2012 Stanley Cup Playoffs

NHL Playoffs 2012: Brendan Shanahan Has Lost Control of the Players

Is Shanny hanging out with Justin Bieber?
Is Shanny hanging out with Justin Bieber?Bruce Bennett/Getty Images
Peter MillsContributor IIIApril 18, 2012

James Neal received a one-game suspension on Monday night for two hits of his in the last matchup between his Pittsburgh Penguins and their hated rivals, the Philadelphia Flyers.

Of course, Neal's was not the first suspension handed out Monday—or even the second.

Besides teammate Arron Asham, who received a four-game ban for a crosscheck to the face, Capitals star Nicklas Backstrom was suspended a game for his crosscheck to the face.

And Blackhawk rookie Andrew Shaw was suspended three games for his hit on Coyotes' goaltender Mike Smith.

It would be almost appalling to see this many suspensions for just one weekend's play, but the truth is that it's become the norm.

Last week, the Rangers' Carl Hagelin was suspended for three games and the Senators' Matt Carkner for one.

Additionally, Byron Bitz was suspended for two games and Craig Adams for one.

That's eight players that have received suspensions so far this postseason. But the thing is, the postseason has only been going on since last Wednesday (April 11th).

That's more than one suspension per day of playoffs. 

And you can be sure it'll continue. Tonight, Raffi Torres added his name to one of two lists: players who Brendan Shanahan has suspended; and players that many think Brendan Shanahan should have suspended.

He earned his spot in this discussion with his hit on the Blackhawks' Marian Hossa. Hossa left the game on a stretcher.

The problem is that Shanahan's not in the wrong on most of these.

Most, but not all, knocks on Shanahan are on the inconsistency of his decisions and some glaring missed calls he's made. And these problems aren't just going to go away.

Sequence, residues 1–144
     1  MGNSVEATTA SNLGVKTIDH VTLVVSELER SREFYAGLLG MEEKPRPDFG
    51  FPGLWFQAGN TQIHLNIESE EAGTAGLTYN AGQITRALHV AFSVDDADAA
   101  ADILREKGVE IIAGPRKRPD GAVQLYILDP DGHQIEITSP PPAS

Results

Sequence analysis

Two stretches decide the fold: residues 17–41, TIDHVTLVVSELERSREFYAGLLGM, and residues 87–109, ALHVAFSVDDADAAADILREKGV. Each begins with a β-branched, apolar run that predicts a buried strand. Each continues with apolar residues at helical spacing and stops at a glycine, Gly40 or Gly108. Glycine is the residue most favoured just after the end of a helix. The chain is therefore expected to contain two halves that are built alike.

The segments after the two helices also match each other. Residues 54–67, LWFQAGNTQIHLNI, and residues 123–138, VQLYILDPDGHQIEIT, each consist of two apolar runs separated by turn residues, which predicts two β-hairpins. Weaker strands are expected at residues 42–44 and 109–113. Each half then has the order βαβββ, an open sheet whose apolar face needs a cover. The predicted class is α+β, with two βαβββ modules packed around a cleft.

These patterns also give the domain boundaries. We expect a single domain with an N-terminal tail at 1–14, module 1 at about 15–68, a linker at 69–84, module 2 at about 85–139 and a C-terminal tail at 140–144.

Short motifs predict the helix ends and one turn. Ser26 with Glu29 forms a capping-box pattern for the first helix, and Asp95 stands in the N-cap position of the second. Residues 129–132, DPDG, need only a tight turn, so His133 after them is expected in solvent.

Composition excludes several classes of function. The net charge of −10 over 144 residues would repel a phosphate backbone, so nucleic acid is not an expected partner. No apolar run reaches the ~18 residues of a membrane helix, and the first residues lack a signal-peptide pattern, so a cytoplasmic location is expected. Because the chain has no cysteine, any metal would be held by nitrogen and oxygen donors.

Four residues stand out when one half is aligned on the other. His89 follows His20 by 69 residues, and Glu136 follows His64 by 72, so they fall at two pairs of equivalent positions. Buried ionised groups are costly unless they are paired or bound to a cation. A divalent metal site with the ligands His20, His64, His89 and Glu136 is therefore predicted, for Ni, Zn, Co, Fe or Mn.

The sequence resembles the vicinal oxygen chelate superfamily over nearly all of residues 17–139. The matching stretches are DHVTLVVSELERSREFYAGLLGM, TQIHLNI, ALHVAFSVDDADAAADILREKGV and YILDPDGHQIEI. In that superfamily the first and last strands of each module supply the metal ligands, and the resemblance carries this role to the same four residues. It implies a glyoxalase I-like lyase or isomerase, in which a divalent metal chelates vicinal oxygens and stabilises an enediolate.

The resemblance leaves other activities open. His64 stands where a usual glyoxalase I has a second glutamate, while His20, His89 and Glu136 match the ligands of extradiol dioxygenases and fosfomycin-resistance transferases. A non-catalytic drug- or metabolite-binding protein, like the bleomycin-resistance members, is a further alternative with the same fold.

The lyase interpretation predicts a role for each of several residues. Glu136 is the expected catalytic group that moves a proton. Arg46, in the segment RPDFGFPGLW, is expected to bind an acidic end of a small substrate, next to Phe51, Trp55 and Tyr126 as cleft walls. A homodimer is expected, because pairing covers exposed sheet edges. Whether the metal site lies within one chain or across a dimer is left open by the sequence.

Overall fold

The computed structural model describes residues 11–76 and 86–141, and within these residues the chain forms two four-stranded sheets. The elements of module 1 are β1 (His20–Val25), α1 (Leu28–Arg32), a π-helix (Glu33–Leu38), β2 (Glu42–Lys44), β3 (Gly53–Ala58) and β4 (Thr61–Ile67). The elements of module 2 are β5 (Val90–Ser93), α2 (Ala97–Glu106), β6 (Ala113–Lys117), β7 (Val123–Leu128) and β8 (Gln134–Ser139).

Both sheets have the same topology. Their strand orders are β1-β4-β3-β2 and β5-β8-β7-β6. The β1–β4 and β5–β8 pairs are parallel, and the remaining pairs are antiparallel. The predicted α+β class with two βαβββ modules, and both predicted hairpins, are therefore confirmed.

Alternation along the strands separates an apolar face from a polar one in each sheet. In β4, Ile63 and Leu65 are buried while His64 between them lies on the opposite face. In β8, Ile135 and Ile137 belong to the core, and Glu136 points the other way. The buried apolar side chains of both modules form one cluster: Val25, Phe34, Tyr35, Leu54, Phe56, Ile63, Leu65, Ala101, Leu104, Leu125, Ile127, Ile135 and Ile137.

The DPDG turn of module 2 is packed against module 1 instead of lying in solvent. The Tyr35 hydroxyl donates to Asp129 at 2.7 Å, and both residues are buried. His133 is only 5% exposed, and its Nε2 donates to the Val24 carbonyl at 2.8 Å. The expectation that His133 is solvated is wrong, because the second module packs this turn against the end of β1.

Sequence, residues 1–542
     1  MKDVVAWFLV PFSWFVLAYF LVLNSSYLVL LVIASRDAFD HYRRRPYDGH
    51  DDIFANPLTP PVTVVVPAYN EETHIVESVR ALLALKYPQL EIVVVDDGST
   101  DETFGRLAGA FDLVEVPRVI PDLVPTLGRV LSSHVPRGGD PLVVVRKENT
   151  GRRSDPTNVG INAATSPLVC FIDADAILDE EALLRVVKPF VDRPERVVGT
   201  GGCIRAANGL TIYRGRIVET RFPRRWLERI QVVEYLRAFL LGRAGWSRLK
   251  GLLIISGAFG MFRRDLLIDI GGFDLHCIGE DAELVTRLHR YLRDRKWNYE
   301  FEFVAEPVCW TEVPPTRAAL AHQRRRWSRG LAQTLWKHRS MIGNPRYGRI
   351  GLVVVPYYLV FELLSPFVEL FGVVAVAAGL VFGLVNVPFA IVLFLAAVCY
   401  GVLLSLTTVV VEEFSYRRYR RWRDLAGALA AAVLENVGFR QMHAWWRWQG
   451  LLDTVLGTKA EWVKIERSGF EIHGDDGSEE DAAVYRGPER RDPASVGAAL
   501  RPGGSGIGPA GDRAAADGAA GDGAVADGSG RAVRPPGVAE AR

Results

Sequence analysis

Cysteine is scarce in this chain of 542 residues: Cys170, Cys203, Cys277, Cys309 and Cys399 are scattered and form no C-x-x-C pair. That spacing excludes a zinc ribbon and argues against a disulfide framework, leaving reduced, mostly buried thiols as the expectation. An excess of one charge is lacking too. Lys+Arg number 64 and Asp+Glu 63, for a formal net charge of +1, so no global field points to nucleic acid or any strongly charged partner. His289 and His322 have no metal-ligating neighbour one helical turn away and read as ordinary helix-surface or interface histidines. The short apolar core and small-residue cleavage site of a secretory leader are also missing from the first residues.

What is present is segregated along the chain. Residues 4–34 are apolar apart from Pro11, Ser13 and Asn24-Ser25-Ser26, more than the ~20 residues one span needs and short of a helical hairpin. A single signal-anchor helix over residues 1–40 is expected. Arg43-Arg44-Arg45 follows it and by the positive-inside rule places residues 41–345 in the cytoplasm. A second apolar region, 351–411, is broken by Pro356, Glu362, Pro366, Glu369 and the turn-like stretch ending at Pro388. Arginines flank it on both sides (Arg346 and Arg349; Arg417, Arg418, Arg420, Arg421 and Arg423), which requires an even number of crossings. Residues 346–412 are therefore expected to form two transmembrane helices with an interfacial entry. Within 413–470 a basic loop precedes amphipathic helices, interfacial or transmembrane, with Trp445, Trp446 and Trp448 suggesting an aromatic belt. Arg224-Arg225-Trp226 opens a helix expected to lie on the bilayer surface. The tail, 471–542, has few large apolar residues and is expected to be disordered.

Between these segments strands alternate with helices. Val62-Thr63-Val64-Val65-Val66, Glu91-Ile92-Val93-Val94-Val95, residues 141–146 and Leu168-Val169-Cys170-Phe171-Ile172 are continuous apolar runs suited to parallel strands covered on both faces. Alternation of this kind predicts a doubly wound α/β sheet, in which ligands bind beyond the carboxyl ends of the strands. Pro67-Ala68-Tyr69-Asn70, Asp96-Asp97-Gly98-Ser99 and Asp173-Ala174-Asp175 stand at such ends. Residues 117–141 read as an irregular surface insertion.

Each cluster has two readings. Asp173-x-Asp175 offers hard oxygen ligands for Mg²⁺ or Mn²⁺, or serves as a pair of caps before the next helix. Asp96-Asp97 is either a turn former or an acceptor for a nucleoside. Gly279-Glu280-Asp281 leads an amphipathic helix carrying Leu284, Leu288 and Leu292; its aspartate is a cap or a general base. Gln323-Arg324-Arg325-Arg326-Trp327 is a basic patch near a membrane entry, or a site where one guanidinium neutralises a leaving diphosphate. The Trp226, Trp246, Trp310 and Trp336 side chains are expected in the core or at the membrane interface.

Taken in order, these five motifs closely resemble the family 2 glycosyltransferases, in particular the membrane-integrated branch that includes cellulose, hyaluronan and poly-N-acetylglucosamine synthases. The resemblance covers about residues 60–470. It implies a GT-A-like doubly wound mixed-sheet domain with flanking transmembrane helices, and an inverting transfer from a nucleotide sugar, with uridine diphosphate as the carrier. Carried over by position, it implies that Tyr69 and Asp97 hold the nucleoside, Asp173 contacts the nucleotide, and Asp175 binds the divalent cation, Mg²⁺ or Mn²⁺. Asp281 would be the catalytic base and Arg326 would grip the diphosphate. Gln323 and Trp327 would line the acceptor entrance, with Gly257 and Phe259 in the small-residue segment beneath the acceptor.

Things are getting rowdier out there; it's easy to see. In the last Penguins/Flyers game, there were a total of 158 PIM. It provided a few of the suspensions listed above and a whole lot of media coverage.

But perhaps the most frightening prospect is that it seems Shanahan, the league's head disciplinarian, has lost control of his league's players.

Some might argue that this is just because the playoffs are more intense. Others might say it's because particular teams really hate each other. And others might write it off as "old time hockey."

However, I believe it's none of the above.

What's happening out there is that, amid the playoff intensity, a number of players have either lost compassion for their fellow players, or have completely lost their ability to make decisions under pressure. Either way, someone needs to crack down on things quickly and effectively.

PHILADELPHIA, PA - APRIL 15:  Brayden Schenn #10 of the Philadelphia Flyers leaves the ice after an injury in the game against the Pittsburgh Penguins in Game Three of the Eastern Conference Quarterfinals during the 2012 NHL Stanley Cup Playoffs at Wells
Bruce Bennett/Getty Images

Shanahan isn't doing a terrible job. His biggest problem is inconsistency and lack of credibility. Taking a firm stance on violent actions and setting precedents would be what's best.

Or, of course, he could choose to continue to unevenly hand out punishments. Guess which he did today?

I'll admit that personally, I believe Neal should've been suspended significantly more. But even ignoring my opinion, Neal—a 40-goal scorer—got one game for two hits to the head.

Shaw—a 12-goal scorer—got three games for one hit to the head. Were they the same hit? Not by a long shot. But it makes you think.

Nicklas Backstrom, famed center for Alexander "The Great" Ovechkin got one game for a crosscheck to a player's face.

Arron Asham, a Penguin who averages fewer than 10 minuets per game, got four games for a similar incident. Again, they weren't identical but they certainly shared some elements.

Considering that the postseason started with Shanahan's no-call on Shea Weber, it's easy to see why some players may be losing their interest in what he has to say.

And the more Shanahan's rulings paint a picture of leniency towards more talented players, the more chaos will ensue in the games.

Things have gone far enough, and then some.

It doesn't matter if you're a fan of the physical play—a fan of the heavy hitters. Everyday—literally every day—players are being put at risk or injured because of illegal, dangerous play.

Shanny's had his chance to try to deter players, but his minuscule fines and one- or two-game suspensions just don't cut it.

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